FACTORS INFLUENCING GREEN PURCHASING BEHAVIOUR: A CONCEPTUAL APPROACH
Guest Lecturer, PG Department Of Commerce, St.Gregorios College Kottarakara,Kollam
Our current environmental situation requires serious attention. We can see the problems that our environment is facing everywhere, including air pollution, ozone depletion, global warming, hazardous waste disposal and water pollution. Today, consumers are aware that their individual consumption behaviour affects the environment and these consumers are more conscious of the seriousness of environmental degradation. Thus, consumers are increasingly engaging in environmentally friendly behaviour and are interested in supporting businesses that are engaging in green strategies. Green purchasing behaviour can help achieve a sustainable environment. The purpose of the study was to develop a conceptual model. And a model was developed on the basis of literature five factors that may inﬂuence green purchasing behaviour were examined in this study.
The concept of green products is related to sustainable manufacturing and supply chain management, which involves environment friendly, planet friendly, and people friendly standards, technologies and practices (Palevich, 2012). The concept of green is extended to almost every process step of procuring raw materials, producing, storing, packaging, shipping, and distribution of products (Palevich, 2012). For developing green processes in an entire supply chain, an organization need to investigate the environmental and other factors influenced by the supply chain, identify the changes needed in the existing supply chain, identify sustainability challenges, identify their solutions, identify performance measures (and ways of measuring them), and develop a long-term sustainability plan (Beamon, 1999).There has been a strong interest in understanding the negative consequences of climate change for the economy and society. Recent researchers pointed out that neglecting the signiﬁcance of environmental sustainability is likely to weaken the society that relies on natural resources to generate revenue (Jiang and Zheng, 2017). In fact, Stern (2007) claimed that climate change is one of the most inﬂuential factors of market failure. Climate change could result in a loss of 5–20 percent of gross domestic products (GDP), if there was no eﬀective precautionary measure taken to protect the environment. This ﬁnding was consistent with previous studies (Weitzman, 2007; Nordhaus, 2007) which revealed that environment protection such as reduction in carbon emission should be prioritized to sustain a country's socio-economic. Hence, the issues of global climate change have been a challenge to economists and policy makers to identify countermeasures. To tackle the negative eﬀects of diﬀerent climate patterns and environmental degradation, one of the solutions is to introduce green products that can protect the environment (Pickett-Baker and Ozaki,2007). Normally, conventional products are non-biodegradable and unrecyclable. These products contain chemical substances that gradually harm the environment. However, many green products have difﬁculties in targeting the mass market although they have existed in the market for a long time. In a nutshell, consumer ignorance has been as a hindrance to promoting green consumerism. Lim et al. (2013) found that the Malaysian' personal welfare are more important than the environmental well-being. They stated that the environmentalist should be responsible for managing environmental concerns. Undoubtedly, many countries have promoted environmentalism. Although numerous campaigns have been launched to preserve the environment, the concept of being green is novel for many citizens and their perception of eco-friendly products is low (Rezai et al., 2013). Thus, consumers have misconception about “green” due to insuﬃcient understanding and information. Besides, Ginsberg and Bloom (2004) mentioned that eco-friendly products have been underrated by ﬁrms because they think that the products will not boost consumer demand since they are not necessity for the consumers. The majority of the consumers are not well informed about the beneﬁts of green products that contribute to subsequent purchase (Nagaraju and Thejaswini, 2016). In a vast majority of the studies, the argument is made that consumers do not purchase green products, because they focus on other than green product attributes(Magnussonetal.,2001; Hughner et al., 2007). This implies that consumers do not consider green product attributes at all but, instead, focus on other attributes (such as health, quality, taste, price, brand equity). The purpose of this study is to examine the possible factors that may contribute to the boosting green purchasing behaviour of consumers. 2. Literature Review and Model Development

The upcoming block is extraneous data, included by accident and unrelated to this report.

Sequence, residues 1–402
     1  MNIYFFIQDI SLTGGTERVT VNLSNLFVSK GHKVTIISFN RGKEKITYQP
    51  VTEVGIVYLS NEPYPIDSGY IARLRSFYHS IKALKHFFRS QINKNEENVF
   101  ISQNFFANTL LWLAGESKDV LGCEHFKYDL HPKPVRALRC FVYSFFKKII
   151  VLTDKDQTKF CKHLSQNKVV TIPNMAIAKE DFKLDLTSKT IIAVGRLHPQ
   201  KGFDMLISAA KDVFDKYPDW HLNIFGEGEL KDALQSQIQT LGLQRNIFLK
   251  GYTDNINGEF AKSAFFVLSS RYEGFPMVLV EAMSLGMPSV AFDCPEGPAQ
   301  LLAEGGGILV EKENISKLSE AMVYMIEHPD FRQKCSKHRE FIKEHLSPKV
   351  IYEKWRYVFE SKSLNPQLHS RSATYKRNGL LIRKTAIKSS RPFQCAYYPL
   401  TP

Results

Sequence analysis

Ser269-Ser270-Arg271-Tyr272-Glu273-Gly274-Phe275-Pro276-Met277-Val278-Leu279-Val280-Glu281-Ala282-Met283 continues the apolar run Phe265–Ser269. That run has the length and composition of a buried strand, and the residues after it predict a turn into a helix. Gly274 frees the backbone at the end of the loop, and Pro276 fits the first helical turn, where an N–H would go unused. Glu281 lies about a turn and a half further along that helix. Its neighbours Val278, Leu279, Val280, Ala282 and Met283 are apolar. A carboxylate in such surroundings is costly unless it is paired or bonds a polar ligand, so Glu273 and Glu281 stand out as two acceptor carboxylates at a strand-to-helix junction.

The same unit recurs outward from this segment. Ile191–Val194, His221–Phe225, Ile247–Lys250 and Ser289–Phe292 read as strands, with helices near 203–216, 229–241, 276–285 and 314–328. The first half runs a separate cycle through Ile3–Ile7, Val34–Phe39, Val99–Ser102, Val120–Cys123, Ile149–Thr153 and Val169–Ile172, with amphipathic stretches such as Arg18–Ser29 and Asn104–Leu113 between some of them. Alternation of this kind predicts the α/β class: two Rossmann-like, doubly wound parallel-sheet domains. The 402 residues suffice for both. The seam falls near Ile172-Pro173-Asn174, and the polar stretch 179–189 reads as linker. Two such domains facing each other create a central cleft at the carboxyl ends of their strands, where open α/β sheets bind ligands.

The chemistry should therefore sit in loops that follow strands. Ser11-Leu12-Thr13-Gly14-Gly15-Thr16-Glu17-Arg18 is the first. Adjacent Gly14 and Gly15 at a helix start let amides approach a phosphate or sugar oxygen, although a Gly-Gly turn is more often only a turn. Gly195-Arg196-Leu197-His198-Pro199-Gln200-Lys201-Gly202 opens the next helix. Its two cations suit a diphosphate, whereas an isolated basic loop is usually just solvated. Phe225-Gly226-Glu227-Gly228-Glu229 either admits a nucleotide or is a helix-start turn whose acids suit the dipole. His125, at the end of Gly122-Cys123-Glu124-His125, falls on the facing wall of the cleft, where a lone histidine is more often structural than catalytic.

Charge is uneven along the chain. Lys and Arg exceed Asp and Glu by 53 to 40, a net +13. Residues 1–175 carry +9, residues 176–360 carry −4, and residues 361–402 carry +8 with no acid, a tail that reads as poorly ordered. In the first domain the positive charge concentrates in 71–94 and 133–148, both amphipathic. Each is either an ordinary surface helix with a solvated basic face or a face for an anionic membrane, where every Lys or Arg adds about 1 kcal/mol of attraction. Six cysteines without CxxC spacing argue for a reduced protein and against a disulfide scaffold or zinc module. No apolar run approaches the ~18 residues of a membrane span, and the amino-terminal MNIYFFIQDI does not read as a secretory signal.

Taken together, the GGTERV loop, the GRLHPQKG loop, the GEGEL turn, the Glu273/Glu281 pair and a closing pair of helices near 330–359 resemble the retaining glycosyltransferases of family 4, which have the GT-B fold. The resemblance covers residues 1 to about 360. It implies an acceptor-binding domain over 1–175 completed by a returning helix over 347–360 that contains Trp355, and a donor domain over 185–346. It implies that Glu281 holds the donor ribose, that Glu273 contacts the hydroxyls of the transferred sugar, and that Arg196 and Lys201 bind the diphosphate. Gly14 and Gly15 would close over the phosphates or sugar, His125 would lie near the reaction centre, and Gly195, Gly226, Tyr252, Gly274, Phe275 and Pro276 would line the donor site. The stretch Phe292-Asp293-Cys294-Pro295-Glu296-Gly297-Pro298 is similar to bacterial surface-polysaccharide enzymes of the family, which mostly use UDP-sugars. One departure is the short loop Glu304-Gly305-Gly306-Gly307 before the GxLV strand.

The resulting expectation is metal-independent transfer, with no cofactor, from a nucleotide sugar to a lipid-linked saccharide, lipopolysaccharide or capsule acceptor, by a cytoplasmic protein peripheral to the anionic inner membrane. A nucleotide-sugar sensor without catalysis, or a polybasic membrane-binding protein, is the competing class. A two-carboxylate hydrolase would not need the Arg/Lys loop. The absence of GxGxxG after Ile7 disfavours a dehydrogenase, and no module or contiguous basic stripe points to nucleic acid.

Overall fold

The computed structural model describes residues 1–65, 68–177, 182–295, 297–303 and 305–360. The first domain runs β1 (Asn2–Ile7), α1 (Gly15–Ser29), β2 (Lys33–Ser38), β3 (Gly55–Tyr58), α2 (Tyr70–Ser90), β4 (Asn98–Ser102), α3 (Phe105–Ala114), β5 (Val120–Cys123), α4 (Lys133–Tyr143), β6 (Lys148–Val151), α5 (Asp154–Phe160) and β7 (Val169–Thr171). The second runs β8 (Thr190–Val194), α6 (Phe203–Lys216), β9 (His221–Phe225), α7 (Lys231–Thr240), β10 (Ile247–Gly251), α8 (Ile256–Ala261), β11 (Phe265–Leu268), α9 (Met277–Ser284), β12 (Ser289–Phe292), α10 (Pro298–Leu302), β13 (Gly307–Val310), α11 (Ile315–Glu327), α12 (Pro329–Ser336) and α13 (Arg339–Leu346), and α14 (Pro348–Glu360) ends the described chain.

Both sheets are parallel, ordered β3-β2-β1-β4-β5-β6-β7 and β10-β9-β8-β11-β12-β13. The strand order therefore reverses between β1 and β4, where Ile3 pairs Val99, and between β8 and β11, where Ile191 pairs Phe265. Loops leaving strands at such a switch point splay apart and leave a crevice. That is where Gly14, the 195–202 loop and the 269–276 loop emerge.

2.1.1 Perceived seriousness of environmental problems
Perceived seriousness of environmental problems Individuals are more inﬂuenced by their ‘perceived seriousness of environmental problems’ than the actual severity of those problems (Ghimire and Mohai, 2005). In developing countries, people see their local and national environment in poor conditions because of serious issues such as the greenhouse effect, air pollution, water pollution and solid waste management (Dunlap, 1994). The most dominant local serious environmental problems were sewage treatment, and water and air quality (Lee, 2009). Asian residents perceive their local environmental problems as more severe than the Western residents (Lee, 2009). Moreover, perceived seriousness is also used to describe crimes and other types of moral violations. Because we are connecting this notion to any environmental problems, we can conclude, using the logic, that contributing to or causing environmental harm is somehow considered a crime. Lee (2008) found a negative relationship between the ‘perceived seriousness of environmental problems’ and ‘green purchasing decisions’. Few studies have examined how gender differences affect the seriousness of the perception of environmental problems. Lee(2009)claimed that adolescent girls in Hong Kong have a higher level of ‘perceived seriousness of environmental problems’ than boys, which is supported by the ﬁndings from Bord and O’Connor(1997)that women have a higher perceived vulnerability to hazardous waste and global warming risk than men.
H1 : Perceived seriousness of environmental problems has significant positive impact on Green purchasing behaviour
2.1.2 Attitude towards green products